This might also interest you
- The Impact of Covid-19 on Research Libraries Across Europe
- Digital libraries and COVID-19, Part 1: responding to a global emergency – Digital Library Perspectives
- Innovation during crisis: exploring reaction of Swedish university libraries to COVID-19
- COVID-19 and digital library services – a case study of a university library
- Silver lining of the COVID-19 crisis for digital libraries in terms of remote access
Further articles by Doreen Siegfried
- Exhibition Open UP! How digitisation is transforming science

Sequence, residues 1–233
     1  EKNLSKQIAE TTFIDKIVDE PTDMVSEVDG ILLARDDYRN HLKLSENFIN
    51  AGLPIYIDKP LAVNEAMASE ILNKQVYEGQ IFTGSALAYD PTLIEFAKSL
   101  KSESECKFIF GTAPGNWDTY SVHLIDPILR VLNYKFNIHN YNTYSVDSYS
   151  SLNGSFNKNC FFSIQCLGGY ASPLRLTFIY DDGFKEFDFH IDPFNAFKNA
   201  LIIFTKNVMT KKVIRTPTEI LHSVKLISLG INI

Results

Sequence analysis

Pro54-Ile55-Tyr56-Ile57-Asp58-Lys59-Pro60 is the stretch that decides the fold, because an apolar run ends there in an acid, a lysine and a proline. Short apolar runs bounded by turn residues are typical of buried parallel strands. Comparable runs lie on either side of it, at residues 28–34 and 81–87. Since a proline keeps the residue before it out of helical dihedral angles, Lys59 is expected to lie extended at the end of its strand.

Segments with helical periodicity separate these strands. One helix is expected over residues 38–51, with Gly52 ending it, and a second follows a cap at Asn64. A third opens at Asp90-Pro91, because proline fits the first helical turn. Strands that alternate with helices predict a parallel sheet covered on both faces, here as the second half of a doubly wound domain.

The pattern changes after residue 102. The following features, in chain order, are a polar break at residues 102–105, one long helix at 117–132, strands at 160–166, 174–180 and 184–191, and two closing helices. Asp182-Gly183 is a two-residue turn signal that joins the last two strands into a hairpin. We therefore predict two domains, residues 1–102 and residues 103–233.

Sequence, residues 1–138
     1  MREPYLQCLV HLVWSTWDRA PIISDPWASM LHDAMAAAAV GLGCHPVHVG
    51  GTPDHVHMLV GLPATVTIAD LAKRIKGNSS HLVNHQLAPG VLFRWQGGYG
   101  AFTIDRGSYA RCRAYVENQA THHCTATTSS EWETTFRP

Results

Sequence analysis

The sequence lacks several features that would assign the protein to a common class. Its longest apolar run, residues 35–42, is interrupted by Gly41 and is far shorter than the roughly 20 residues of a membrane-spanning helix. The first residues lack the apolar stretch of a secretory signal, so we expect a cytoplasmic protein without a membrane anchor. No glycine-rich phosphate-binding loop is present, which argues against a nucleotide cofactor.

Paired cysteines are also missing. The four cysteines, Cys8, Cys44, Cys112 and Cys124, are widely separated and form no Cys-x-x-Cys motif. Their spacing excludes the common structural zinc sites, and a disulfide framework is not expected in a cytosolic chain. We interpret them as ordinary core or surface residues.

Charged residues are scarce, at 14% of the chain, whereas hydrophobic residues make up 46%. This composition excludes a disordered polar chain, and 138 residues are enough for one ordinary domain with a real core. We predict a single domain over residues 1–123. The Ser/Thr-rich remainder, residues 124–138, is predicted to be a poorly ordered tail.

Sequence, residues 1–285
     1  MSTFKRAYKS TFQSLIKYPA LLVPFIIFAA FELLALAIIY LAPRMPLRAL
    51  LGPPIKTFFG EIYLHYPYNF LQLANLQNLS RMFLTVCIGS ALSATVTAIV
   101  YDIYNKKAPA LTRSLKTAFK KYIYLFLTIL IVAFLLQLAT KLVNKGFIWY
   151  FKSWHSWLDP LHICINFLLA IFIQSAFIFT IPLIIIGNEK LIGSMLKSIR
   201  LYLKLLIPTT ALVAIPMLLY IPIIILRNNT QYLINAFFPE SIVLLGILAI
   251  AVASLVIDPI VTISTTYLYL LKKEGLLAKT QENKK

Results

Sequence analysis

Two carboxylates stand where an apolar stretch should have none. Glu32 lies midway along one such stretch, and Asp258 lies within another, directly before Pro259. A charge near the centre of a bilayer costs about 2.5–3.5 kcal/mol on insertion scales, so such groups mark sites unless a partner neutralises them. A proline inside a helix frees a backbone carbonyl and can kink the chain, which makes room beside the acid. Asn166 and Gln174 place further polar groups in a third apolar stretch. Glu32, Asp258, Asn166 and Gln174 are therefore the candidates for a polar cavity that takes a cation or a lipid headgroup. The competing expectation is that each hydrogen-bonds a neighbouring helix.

- Putting open science into practice: ZBW research data projects
- Podiums Discussion: Perspectives for „Libraries 2050“
- Student survey: What is the level of information literacy like?
- Open Economics: Study on Open Science Principles and Practice in Economics
- Workshop: How to Make Open Science Practice Attractive in the Economic Sciences
- Open data, open access, new formats for publications: the future for Economics research?
This article also appeared in the 2020 ZBW Annual Review “Open” (PDF) that highlights developments at the ZBW, among other things: Research Data Management, Open Science and organised knowledge.
This text has been translated from German.